One billion people now use WhatsApp each month.
After seven years, the messaging service now sees 42 billion messages, 1.6 billion photos, and 250 million videos sent daily.
“We are proud of this milestone, and we’re humbled by the extraordinary ways all of you have used WhatsApp,” the company said in a blog post.
The app, now available in 53 languages, has been used to share information during natural disasters and health emergencies, find a date, grow small businesses, and just keep up with far-flung family and friends.
In September, CEO Jan Koum announced that the service had reached 900 million monthly active users. Five months later, it had racked up another 100 million.
“But now, it’s back to work—because we still have another 6 billion people to get on WhatsApp, and a long way left to go,” the company said.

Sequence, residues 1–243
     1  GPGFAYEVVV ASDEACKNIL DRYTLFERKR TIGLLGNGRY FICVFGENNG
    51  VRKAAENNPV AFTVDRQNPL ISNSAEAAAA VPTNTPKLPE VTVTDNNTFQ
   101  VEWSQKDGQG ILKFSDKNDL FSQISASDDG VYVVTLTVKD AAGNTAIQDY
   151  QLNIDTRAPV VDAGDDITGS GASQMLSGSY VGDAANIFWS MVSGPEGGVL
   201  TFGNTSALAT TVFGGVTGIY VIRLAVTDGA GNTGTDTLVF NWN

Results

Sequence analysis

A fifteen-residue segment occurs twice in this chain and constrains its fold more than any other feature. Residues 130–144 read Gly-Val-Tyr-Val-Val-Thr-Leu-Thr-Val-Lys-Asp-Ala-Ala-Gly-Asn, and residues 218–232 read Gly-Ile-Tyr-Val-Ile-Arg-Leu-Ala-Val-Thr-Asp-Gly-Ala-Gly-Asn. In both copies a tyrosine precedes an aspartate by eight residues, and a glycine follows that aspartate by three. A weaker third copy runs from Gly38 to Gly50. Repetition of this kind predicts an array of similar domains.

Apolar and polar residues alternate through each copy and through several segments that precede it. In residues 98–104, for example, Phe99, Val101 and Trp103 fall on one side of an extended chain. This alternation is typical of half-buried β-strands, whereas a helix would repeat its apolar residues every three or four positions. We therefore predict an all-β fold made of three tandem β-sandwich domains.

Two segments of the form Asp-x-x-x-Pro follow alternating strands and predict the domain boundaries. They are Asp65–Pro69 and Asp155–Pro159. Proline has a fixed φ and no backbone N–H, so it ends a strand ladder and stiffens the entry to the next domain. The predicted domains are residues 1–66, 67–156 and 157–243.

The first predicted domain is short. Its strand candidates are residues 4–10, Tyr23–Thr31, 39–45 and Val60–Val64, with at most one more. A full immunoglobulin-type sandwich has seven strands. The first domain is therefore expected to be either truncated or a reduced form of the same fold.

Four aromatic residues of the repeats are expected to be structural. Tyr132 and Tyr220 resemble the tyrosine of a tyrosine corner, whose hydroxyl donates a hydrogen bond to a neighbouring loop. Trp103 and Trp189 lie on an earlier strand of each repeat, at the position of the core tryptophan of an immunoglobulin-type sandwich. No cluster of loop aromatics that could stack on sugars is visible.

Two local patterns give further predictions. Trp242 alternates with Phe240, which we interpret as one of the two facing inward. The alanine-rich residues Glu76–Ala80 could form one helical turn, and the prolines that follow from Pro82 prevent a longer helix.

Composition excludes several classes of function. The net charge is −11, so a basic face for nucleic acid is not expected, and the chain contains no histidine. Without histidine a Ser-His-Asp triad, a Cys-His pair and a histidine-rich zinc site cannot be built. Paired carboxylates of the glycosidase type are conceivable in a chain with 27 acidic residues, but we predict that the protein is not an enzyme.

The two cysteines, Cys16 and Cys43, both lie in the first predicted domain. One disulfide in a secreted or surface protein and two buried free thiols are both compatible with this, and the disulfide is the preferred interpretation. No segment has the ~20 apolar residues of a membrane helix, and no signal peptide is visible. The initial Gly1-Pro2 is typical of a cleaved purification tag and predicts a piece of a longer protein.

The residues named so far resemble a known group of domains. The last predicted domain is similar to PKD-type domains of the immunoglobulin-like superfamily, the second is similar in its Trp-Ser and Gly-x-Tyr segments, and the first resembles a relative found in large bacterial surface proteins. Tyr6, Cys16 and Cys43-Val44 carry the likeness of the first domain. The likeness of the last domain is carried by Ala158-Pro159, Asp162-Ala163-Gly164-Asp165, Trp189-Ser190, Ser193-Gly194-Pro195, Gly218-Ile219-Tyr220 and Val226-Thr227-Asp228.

When Facebook acquired WhatsApp in 2014, CEO Mark Zuckerberg said the app was appealing because it was “on its way to 1 billion users, and any Internet service that tops that milestone is extremely valuable.”
Facebook hit the 1 billion mark in the fall of 2012. In August, it announced another first: one billion people used Facebook in a single day.
This WhatsApp milestone, meanwhile, comes just after it ditched its annual fee. After one year of free texting, folks were automatically charged 99 cents—a small price to pay for instant communication. But many WhatsApp users don’t have a debit or credit card number, and worried they’d lose access to friends and family, the company said recently.
“So over the next several weeks, we’ll remove fees from the different versions of our app and WhatsApp will no longer charge you for our service,” according to an announcement.
Gmail, meanwhile, also topped 1 billion monthly active users, Google CEO Sundar Pichai announced on a recent earnings call, The Verge reports. The 11-year-old email service reached 900 million in May.